After days of fretting over when and where an out-of-control Chinese rocket would land as it fell back to Earth, China announced early Sunday that the rocket had landed in the Indian Ocean near the Maldives. Although it was unclear whether the debris had caused any damage, NASA sharply scolded China for failing to be responsible with its space debris.
In a statement released on Sunday after the debris landed, NASA administrator Bill Nelson said that spacefaring nations had to minimise the risks to people and property on Earth when it comes to re-entries of space objects. Nelson also maintained that it was important to maximise transparency regarding these re-entries. In this case, the space debris consisted of the core stage of a Long March 5B rocket, which was 30 metres long and 5 metres wide.
With a weight of 20 tonnes, the core stage is one of the biggest human-made objects to ever perform an uncontrolled reentry.
“It is clear that China is failing to meet responsible standards regarding their space debris,” Nelson said. “It is critical that China and all spacefaring nations and commercial entities act responsibly and transparently in space to ensure the safety, stability, security, and long-term sustainability of outer space activities.”
Experts had been watching the rocket closely in recent days, concerned over the possibility, albeit very small, of the debris falling over inhabited areas. Nonetheless, the odds were always strongly leaning towards the debris falling into an ocean, which cover the majority of Earth, or onto uninhabited areas.
China’s Manned Space Agency said in a statement on Sunday, which can only be viewed on the Wayback Machine because the website was down at the time of publication, that the vast majority of the Long March 5B burned up during reentry.
China launched the Long March 5B at the end of April as a part of its ambitious project to create its own space station, which will be named Tiangong. The Long March 5B was carrying the 16 metre Tianhe, or Harmony of the Heavens, which is the main module of the station. If everything goes as planned, Tianhe will be the part of the station that will house China’s astronauts, who will stay in the station for periods of up to half a year.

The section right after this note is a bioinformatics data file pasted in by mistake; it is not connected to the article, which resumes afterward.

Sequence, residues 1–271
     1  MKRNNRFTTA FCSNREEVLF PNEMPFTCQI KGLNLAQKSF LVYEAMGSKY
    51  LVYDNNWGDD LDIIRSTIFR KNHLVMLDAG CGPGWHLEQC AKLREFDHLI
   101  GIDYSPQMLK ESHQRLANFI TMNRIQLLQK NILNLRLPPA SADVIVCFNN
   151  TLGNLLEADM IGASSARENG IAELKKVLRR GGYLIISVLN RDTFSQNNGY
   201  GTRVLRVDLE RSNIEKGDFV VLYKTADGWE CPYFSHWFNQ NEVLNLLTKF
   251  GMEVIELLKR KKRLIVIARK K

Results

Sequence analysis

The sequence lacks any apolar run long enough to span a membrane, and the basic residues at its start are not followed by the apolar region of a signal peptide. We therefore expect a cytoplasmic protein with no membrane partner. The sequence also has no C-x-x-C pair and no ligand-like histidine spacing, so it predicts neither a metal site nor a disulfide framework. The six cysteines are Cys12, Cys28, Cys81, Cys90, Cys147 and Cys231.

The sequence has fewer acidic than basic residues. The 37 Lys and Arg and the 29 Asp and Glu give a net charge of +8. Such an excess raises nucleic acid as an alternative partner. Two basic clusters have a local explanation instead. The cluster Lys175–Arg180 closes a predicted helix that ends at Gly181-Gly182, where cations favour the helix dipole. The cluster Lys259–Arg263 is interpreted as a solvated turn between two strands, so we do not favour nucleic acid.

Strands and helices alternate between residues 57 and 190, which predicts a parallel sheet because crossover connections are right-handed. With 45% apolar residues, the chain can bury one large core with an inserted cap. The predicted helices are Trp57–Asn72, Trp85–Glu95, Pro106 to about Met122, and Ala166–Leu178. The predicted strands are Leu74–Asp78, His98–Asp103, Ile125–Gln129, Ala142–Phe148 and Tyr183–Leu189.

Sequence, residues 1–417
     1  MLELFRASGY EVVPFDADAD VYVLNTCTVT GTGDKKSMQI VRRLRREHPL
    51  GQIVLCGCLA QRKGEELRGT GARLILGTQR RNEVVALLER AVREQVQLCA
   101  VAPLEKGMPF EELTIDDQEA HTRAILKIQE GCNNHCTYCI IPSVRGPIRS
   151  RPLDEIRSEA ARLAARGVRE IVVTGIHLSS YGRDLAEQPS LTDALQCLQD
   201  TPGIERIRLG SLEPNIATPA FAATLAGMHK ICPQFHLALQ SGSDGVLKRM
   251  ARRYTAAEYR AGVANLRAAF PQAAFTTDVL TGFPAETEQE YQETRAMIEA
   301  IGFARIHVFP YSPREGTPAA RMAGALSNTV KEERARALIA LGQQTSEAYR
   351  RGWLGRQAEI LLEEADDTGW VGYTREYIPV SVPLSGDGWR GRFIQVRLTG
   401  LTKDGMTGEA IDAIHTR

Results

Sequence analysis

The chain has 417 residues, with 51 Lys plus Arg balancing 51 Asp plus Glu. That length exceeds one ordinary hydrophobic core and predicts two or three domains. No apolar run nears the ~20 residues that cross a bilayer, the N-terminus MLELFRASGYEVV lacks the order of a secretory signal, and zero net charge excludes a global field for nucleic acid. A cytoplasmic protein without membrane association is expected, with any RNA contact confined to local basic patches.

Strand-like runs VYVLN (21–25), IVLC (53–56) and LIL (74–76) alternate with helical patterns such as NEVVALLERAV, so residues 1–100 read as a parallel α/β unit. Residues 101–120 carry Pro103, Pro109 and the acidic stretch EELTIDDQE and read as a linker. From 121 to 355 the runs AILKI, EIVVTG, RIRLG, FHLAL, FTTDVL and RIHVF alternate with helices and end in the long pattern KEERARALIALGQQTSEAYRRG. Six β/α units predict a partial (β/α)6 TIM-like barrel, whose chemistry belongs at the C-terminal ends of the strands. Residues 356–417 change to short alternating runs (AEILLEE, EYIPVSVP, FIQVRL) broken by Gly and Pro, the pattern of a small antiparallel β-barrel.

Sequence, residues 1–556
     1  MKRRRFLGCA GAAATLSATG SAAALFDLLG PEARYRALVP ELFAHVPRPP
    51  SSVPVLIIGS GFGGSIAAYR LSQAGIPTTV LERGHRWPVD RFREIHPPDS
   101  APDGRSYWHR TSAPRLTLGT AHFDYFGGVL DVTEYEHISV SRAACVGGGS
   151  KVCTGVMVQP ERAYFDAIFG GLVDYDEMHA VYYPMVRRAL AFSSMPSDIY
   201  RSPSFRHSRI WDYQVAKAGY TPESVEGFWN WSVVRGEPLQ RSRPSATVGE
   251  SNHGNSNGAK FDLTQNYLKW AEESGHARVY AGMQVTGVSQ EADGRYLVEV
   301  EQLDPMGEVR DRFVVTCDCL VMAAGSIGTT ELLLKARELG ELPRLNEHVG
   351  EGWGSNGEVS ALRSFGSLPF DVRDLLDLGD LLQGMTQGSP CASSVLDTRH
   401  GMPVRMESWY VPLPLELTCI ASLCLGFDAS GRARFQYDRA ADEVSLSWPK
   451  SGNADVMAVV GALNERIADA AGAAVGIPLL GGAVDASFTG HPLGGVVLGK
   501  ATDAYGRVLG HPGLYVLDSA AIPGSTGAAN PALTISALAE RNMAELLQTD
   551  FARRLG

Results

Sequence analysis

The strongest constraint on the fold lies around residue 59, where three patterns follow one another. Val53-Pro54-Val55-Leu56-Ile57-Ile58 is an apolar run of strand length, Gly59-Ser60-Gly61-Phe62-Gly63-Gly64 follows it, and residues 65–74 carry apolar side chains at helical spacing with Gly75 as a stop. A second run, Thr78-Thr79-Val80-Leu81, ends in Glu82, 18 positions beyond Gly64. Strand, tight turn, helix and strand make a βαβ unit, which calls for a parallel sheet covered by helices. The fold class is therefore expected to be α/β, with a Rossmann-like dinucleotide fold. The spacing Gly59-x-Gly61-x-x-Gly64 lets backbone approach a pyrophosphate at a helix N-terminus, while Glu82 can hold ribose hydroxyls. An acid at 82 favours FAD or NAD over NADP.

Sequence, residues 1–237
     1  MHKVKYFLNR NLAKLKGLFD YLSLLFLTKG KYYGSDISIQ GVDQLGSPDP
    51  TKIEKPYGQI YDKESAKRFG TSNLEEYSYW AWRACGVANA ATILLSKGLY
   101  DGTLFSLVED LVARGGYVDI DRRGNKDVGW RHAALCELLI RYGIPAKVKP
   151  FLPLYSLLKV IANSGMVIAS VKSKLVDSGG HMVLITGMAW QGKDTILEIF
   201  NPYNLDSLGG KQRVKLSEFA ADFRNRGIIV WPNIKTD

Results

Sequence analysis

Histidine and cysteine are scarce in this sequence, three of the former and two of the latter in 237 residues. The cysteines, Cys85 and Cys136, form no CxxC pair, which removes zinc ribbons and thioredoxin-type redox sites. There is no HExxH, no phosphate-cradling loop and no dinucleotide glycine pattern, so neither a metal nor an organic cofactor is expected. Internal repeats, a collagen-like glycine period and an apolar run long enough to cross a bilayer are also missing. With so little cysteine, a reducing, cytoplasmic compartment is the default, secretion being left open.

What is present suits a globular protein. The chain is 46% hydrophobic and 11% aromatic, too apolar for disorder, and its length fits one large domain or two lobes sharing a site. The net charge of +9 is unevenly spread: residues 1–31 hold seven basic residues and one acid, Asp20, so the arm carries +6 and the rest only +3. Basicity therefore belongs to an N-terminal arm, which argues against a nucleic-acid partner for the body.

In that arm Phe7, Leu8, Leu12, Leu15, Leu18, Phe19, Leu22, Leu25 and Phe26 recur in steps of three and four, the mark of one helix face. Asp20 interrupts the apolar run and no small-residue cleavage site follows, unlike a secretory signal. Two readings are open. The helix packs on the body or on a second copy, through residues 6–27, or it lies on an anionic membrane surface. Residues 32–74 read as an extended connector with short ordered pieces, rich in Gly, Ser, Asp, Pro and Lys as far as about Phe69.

The Tianhe launch was the first of 11 scheduled launches needed to make Tiangong operational by late 2022.
So, how did we end up with an uncontrolled Long March 5B? In this case, the core stage of the Long March 5B carried and released the Tianhe module into orbit. (Several smaller boosters dropped off shortly after launch and landed safely in the Pacific Ocean). After releasing the Tianhe module, China chose not to fire the engine of the Long March 5B so that it could drop out of orbit and eventually land in an unoccupied area. This caused the core stage to make an uncontrolled reentry.
This isn’t the first time we’ve seen a Chinese Long March 5B make an uncontrolled reentry. Last year, a Long March 5B carrying a prototype of China’s next-generation crew capsule went through the same thing. That incident resulted in debris from the rocket damaging several buildings on the Ivory Coast, although there were thankfully no reported casualties.
Considering that China’s space station project, more launches of the Long march 5B are expected. Therefore, there’s a chance that this could happen again. It’s also possible that future uncontrolled reentries could cause serious harm on Earth. The possibility not only warrants NASA’s statement, but makes it necessary.
“An ocean reentry was always statistically the most likely. It appears China won its gamble (unless we get news of debris in the Maldives). But it was still reckless,” said Jonathan McDowell, an astrophysicist at the Harvard-Smithsonian Centre for Astrophysics.